Institution’s National Museum of Natural History, who led a team of scientists in
determining the dead soldiers’ approximate age, apparent cause of death, ethnicity and
medical history.

Other speakers will address the sex lives of Texas’ philandering founders, the details of
Alamo defender Davy Crockett’s death, the impact of slavery on revolutionary Texas and
bird painter and naturalist John James Audubon’s 1837 visit to Houston and Galveston.

Audubon collected four of the skulls studied by Owsley and his team. The Audubon skulls
and two others from the battlefield ended up in the crania collection of the University of
Pennsylvania, where, in essence, they lay forgotten for more than 170 years.

The skulls’ existence recently was rediscovered when Houston-born Dallas lawyer Jeffrey
Dunn, co-founder of the battleground association and former chairman of the state’s San
Jacinto Historical Advisory Board, happened upon a 19th-century catalog of the collection’s
holdings. The battleground group commissioned the Owsley study.
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Re: San Jacinto Archeological Discoveries

Postby Seguin on Sat Apr 17, 2010 8:47 pm

Other speakers will address the sex lives of Texas’ philandering founders,...


I´ll bet that subject will draw a crowd! :D
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Re: San Jacinto Archeological Discoveries

Postby Davy on Sat Apr 17, 2010 9:00 pm

Seguin wrote:
Other speakers will address the sex lives of Texas’ philandering founders,...


I´ll bet that subject will draw a crowd! :D


I reckon they will put their "heads" together and come up with something interesting at least! :o :lol:
They should put those poor souls to rest, and give them the honor that all dead deserve.
Sorry ... I am not one to desecrate graves. :x Artifacts are one thing ... bodies another ... :cry:

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Re: San Jacinto Archeological Discoveries

Postby Fred on Sun Apr 18, 2010 4:01 pm

Well, for starters "those poor souls" ARE at rest. they left their bones behind. also, nobody is desecrating a grave. the bones were, in all probability, strewn over the ground like most bodies left on the surface become, by animals that drag the various parts off to eat them. Most of the time, only the skulls are eventually found as that is the only sizable part not easily drug off by coons, possums, foxes, etc. Yes we all know of dogs, coyotes, bears etc carrying off heads. That's another reason that whatever is left is often in pieces and usually buried in rodent homes, cache's, etc. The scientific study of human osteology isn't "desecrating graves or defiling the dead". If someone digs up a human grave and takes the skull away to their home and burns a candle on it during their clubhouse meetings, THAT is desecration and grave robbing. Studying the damage imflicted on human bodies in a battle is paramont to understanding precisely what went on and can give detailed information that is historicaly revealing. I've read the reports of what the bones of Mexican soldiers had to tell that were revealed in the excavations of construction activity on the battleground of a Mexican American War site. It was extremely revealing and of historical interest. The average age of the Mexican soldiers was revealed (mid teens up to 30's), as well as their physical condition going into battle (all were malnurished and suffered dental problems as well as broken bones from earlier injuries), What type of battle trauma was suffered by most of them (cannister), What they were wearing during the battle (these bodies were never recovered by burial parties), What areas of Mexico they originated from (the teeth contained definitive mineral traces that built up like tree rings over time from the water consumed by them that could be isolated and traced to specific locations). All of this is of utmost historical importance. This extremely accurate forensic information can now be obtained from the bones that remain and are ocassionaly revealed. These soldiers had no way of leaving a record of who they were or where they came from or of speaking of their fate and sufferring. What remains of their bodies, (not much) is reverently cared for and studied to gather from them as much as possible any information that they can give us about who the men and women were. I've participated in such retrievals, excavations, recoveries and the laboratory studies that were used to gather detailed information from them. Today, after the studies are completed, whether the bones are discovered on a long forgotten shelf in a storage facility or on the ground after eroding out during a storm or newly excavated during construction activity, the skeletal material is allways handed over to a parish or church and reburied in wooden boxes in a Christian cemetery. Even native American bones are in turn handed over to a native american committee for burial in a secret place that only they know the location of after a respectful ceremony by them that includes offerings of food placed on the boxes and buried with them. Desecration of the graves of the dead? I don't believe that statement is anything close to the truth Davy.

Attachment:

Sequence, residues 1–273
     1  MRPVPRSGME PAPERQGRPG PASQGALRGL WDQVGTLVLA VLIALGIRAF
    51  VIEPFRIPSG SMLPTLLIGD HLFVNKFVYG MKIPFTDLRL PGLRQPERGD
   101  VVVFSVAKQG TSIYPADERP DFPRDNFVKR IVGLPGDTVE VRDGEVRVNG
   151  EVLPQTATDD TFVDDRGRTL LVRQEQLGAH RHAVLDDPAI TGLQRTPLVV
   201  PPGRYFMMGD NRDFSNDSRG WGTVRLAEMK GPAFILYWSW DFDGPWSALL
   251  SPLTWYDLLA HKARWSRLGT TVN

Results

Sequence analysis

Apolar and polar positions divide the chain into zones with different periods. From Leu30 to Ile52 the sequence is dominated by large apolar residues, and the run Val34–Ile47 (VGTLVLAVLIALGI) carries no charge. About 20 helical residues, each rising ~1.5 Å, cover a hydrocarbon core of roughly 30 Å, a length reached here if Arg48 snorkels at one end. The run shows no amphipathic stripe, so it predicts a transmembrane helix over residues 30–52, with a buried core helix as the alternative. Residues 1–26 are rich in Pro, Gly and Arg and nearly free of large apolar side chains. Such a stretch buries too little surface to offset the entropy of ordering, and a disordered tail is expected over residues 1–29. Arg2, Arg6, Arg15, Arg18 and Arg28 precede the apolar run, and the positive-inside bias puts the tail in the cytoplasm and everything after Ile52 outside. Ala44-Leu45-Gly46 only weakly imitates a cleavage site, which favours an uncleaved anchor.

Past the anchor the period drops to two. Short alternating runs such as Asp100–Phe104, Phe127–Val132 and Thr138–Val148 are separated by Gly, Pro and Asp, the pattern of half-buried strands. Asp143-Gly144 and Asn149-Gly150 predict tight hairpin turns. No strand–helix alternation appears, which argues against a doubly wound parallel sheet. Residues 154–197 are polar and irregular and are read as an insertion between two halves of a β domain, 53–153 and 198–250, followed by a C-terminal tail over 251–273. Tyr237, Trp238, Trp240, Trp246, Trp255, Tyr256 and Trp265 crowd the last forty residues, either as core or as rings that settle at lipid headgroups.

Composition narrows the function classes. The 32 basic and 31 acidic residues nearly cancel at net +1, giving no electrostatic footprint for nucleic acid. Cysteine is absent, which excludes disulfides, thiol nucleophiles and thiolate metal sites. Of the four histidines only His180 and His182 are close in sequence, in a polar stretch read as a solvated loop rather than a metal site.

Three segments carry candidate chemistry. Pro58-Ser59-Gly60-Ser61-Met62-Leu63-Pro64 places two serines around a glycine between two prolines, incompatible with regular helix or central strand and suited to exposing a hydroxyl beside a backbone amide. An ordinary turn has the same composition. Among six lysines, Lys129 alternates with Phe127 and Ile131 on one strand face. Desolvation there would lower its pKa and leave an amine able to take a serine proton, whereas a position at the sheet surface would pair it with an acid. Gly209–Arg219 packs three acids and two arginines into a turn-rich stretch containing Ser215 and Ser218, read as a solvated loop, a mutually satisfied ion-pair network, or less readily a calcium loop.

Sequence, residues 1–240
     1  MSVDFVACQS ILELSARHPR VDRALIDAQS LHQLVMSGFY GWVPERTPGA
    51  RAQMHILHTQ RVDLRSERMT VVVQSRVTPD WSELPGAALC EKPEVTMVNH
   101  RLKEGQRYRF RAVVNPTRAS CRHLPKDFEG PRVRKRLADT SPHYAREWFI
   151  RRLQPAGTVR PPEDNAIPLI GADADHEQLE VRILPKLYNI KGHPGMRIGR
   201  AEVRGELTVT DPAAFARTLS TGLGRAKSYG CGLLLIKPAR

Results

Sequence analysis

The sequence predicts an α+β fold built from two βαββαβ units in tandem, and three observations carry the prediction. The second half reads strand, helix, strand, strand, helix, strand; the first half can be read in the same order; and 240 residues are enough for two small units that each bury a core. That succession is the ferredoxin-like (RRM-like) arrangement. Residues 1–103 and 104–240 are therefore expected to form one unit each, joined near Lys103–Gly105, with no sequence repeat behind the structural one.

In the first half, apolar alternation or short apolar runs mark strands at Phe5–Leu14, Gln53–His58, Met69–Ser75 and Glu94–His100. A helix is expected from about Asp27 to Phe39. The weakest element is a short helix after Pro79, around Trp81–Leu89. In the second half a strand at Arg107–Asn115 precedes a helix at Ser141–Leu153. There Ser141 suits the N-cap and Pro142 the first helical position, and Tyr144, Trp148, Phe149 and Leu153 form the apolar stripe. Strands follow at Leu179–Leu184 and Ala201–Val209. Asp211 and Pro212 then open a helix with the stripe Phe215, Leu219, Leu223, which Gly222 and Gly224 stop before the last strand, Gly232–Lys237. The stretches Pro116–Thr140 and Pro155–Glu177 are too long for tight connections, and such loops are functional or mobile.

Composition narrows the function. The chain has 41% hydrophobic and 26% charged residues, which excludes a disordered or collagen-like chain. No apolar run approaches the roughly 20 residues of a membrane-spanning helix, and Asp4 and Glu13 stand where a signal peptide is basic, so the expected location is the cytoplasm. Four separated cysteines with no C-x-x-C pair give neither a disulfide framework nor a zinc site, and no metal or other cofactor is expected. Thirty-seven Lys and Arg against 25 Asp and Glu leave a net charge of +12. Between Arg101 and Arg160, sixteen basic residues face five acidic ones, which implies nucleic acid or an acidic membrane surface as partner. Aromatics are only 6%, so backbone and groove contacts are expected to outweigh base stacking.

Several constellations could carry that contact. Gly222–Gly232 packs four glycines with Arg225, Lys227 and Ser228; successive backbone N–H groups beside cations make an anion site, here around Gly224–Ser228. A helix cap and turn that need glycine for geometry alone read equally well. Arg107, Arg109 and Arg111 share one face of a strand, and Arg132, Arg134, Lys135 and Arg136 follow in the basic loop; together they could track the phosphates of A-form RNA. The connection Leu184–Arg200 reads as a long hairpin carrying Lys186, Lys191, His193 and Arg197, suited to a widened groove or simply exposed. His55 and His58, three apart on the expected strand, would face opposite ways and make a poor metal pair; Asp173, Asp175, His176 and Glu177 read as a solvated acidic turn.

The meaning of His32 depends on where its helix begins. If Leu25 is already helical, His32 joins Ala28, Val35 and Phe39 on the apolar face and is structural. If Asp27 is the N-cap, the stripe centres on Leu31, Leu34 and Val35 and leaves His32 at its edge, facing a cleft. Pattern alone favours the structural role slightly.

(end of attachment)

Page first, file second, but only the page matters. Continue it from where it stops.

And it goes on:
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Re: San Jacinto Archeological Discoveries

Postby Davy on Sun Apr 18, 2010 5:10 pm